The Whispering Game

by Peter Howe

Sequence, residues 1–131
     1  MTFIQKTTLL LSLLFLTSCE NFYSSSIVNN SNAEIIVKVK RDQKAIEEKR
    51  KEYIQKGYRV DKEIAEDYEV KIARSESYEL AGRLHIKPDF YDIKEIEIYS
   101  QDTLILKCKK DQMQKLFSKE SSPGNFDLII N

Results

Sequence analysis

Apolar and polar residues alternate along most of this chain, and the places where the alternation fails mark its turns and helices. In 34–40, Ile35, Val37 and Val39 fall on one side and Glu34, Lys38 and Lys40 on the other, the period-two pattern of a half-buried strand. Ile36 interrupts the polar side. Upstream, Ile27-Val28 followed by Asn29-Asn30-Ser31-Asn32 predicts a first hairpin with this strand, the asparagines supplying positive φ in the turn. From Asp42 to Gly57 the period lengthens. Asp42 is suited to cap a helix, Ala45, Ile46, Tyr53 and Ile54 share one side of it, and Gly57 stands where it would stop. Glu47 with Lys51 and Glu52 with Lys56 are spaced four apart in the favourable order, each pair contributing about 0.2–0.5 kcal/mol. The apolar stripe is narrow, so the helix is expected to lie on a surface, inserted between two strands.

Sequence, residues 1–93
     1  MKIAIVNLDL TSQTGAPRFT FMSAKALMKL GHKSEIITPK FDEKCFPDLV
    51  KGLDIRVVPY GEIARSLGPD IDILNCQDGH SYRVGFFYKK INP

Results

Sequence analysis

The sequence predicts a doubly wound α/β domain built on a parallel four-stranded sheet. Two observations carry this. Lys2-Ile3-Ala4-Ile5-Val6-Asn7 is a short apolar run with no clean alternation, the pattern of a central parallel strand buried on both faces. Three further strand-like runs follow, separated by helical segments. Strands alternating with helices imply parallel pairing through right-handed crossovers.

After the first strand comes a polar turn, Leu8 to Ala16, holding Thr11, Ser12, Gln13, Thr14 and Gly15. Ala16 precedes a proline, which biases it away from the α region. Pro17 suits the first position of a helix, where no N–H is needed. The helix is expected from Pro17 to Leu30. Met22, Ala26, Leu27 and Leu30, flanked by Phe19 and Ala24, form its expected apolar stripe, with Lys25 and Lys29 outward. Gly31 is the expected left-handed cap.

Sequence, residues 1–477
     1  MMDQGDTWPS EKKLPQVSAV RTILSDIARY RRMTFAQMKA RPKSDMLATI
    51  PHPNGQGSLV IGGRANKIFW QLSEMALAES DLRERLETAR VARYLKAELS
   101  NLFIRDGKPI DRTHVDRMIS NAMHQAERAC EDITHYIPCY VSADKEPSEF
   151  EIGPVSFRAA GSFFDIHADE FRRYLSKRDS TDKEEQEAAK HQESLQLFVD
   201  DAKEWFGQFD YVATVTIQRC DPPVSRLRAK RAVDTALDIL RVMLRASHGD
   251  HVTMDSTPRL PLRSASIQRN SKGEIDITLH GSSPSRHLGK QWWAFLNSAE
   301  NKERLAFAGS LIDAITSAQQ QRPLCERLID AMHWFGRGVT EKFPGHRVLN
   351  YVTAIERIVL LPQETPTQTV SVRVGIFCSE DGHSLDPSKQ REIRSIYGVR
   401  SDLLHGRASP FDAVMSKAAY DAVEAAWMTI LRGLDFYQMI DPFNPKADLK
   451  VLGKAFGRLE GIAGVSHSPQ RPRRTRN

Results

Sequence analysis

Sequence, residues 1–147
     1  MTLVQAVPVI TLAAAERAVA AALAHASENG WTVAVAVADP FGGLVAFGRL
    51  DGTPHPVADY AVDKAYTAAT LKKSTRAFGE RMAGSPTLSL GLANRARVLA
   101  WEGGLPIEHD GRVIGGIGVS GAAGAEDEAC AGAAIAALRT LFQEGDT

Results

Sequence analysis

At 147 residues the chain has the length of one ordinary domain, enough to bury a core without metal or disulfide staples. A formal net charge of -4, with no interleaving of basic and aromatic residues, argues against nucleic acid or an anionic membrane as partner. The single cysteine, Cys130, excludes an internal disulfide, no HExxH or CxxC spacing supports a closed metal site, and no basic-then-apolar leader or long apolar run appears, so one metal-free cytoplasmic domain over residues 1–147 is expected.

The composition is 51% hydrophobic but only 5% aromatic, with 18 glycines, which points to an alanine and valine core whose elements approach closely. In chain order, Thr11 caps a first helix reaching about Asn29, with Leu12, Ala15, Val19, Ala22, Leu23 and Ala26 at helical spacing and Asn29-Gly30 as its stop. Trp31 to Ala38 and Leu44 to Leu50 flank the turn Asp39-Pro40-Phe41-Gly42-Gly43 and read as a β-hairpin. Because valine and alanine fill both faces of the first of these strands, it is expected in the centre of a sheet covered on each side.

I was born in England in the era that preceded currency decimalization. In those days, that seem almost Dickensian now, Britain operated an arcane monetary system in which the basic currency unit, the pound, was divided into units of twenty shillings that were further subdivided into twelve pennies. Even the pennies had sub-units of two halfpennies (pronounced hapennies) and four farthings. A halfpenny was the equivalent of two farthings. (Are you still with me?) It was common to purchase an item that was priced at four pounds, fifteen shillings and sevenpence three farthings. If this wasn't complicated enough there was also the guinea that was one pound and one shilling, and was used almost exclusively for paying winnings to racehorses and articles purchased at auctions. The final piece of numismatic insanity was the threepenny piece (pronounced thrupenny) that unsurprisingly was the equivalent of three pennies. The reason for its existence had disappeared into the mists of time long before my arrival on the planet. Like cricket the whole system could only be fully understood if you were born into it. It drove foreigners crazy, which is probably the only reason that the British held on to it for so long.